Here’s something you haven’t seen from the New Orleans Saints lately:
A bad taste in their mouths following a huge victory over a quality opponent.
“I’m trying to be happy today,” coach Sean Payton said. “But it’s hard when you play like that.”
“Really disappointed with the way we finished the game offensively,” quarterback Drew Brees said.
Even the practically giggly Cam Jordan, cinching up his Justice League-logoed belt in front of his locker like a third-grader on free dress day, had to compartmentalize his happiness after Sunday’s hard-to-define 52-38 victory over the Detroit Lions.
“Did I enjoy every minute of it?” the Saints star defensive end asked. “For sure. That being said, we have a lot to clean up for next week.”
Don’t they, though.
This game was like a Mardi Gras parade. Everyone went home happy with what they got — substitute a victory for beads, doubloons and the odd stuffed giraffe — but there’s a lot of debris left to sweep up.
• Three turnovers, the Saints' first giveaways of the season, one of them a Brees’ pick six that massive Detroit defensive tackle A’Shawn Robinson sucked in with his gravitational pull near the goal line.
• Thirteen penalties for 118 yards, so many one has to believe this officiating crew thought it was the halftime entertainment.
• A 74-yard punt return touchdown by Jamal Agnew, part of the Lions’ stunning second-half comeback from 45-10 down to make it 45-38 with 6:41 left.
But before the Saints could manage to out-Auburn the Auburn Tigers from their epic collapse at LSU on Saturday, the game’s original arc was restored. A la Robinson a few moments earlier, Jordan tipped a Matt Stafford interception to himself in the end zone, putting the Saints back up two touchdowns with 5:04 to play. It was the third of New Orleans’ franchise record three defensive touchdowns, following Kenny Vaccaro’s early fumble recovery and Marshon Lattimore’s 27-yard interception return.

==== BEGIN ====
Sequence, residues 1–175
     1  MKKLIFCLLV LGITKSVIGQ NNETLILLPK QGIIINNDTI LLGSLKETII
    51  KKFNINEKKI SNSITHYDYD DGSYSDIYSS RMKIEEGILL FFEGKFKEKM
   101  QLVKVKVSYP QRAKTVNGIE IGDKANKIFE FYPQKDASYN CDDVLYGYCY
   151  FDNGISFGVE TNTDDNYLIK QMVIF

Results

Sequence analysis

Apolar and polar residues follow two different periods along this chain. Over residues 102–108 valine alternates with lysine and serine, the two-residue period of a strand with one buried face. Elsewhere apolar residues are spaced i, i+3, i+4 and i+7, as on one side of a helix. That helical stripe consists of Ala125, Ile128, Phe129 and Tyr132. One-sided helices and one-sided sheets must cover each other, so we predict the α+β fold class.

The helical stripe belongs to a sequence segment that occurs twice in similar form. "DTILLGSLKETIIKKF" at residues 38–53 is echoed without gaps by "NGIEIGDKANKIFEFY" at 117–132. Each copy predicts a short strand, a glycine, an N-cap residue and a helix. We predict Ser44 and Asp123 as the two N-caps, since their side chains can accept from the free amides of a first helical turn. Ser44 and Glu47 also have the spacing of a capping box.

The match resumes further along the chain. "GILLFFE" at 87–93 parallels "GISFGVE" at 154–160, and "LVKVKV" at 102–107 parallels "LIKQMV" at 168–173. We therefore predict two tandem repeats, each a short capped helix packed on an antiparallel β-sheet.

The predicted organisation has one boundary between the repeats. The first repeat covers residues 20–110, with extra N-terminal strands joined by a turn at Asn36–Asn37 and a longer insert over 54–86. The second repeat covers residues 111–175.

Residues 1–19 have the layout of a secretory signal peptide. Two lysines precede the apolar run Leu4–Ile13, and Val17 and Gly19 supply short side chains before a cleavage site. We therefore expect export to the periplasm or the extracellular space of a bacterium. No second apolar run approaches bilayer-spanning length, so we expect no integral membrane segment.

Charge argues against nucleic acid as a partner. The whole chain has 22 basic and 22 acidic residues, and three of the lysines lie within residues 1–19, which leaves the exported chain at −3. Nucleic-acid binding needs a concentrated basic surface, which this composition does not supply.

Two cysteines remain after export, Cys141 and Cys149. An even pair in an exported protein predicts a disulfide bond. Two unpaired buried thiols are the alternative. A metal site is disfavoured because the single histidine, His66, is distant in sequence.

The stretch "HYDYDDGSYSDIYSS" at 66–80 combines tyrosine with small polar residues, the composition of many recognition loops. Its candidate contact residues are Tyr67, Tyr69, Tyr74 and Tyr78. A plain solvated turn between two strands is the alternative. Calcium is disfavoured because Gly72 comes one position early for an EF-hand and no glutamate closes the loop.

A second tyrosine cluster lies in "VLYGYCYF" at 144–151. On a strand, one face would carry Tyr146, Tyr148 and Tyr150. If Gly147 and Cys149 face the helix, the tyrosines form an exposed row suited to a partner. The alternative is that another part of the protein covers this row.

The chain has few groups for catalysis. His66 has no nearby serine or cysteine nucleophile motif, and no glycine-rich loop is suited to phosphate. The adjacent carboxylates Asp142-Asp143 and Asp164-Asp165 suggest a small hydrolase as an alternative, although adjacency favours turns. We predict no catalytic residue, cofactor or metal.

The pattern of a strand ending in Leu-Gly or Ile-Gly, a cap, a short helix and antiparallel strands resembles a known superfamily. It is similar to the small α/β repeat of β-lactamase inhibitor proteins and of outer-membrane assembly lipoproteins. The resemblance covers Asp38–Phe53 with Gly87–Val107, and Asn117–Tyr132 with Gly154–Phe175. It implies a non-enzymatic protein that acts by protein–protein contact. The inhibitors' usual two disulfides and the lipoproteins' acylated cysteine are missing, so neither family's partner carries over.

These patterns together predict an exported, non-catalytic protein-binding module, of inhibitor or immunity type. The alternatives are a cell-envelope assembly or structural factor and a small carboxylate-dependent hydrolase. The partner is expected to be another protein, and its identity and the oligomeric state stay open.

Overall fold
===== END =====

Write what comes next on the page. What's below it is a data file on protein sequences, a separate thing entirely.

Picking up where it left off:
“It’s fun when you’re forcing turnovers and getting off the field,” Vaccaro said. “It’s been a while since I’ve been part of that.”
It’s been a while since the Saints have been over .500. A long while. The last time was the end of the 2013 season, 1,386 days before Sunday, to put a fine chronological point on it. According to the Saints’ pregame radio show, all 31 of the other NFL franchises have been over .500 at some point (at least 1-0) since then.
That’s kind of sad, but the Saints have a chance to turn their postgame frowns upside down. Here’s why:
1. The NFC is wide open, and a 3-2 New Orleans team is in the thick as much as anyone. A glance at the conference standings must have late NFL Commissioner Pete “Mr. Parity” Rozelle smiling down from that great luxury suite in the sky. Fifteen of the 16 NFC teams have at least two losses, save the 5-1 Philadelphia Eagles. In the NFC South, New Orleans is just a half-game behind 4-2 Carolina and owns an early tiebreaker. Atlanta is 3-2 (3-3 if you still count that Super Bowl meltdown against New England — zing!) and Tampa Bay is 2-3.
2. Not to rejoice over anyone’s injuries, but the Saints’ upcoming schedule got a lot less daunting Sunday when Green Bay quarterback Aaron Rodgers broke his collarbone against Minnesota. That means when the Saints travel to Lambeau Field next week they’ll likely be going up against seldom-used third-year backup Brett Hundley. Apparently, Packers coach Mike McCarthy quickly shot down the idea of hastily signing a free agent like Colin Kaepernick. New Orleans follows that trip with a home game Oct. 29 against Chicago and rookie quarterback Mitchell Trubisky, who was a stellar 8 of 16 for 113 yards Sunday in the Bears’ 27-24 overtime win at Baltimore. That stat line doesn’t exactly put the fear of Mike Ditka into anyone.
3. After that, the Saints host Tampa Bay, travel to face a decent Buffalo team, host Washington and travel to face the Los Angeles Rams. All this before the schedule really heats up again with a home game against Carolina, both games with Atlanta and a trip to Tampa sandwiched around a home game against the New York Jets.
In other words, if the Saints can continue to play opportunistic defense, keep Brees standing upright in the pocket and don’t give away any more special teams touchdowns, there is a realistic opportunity for then to go on a nifty little run through the middle part of the schedule.
Just be the first-half Saints from Sunday instead of the second-half Saints.
“The goal is to play football like we did in the first half,” said Mark Ingram, who amassed 114 of the Saints’ 193 rushing yards in their suddenly fearsome ground game. “We will win a lot of games if we do that.”
It’s a big if, to be sure. But for New Orleans, opportunity is there for the taking.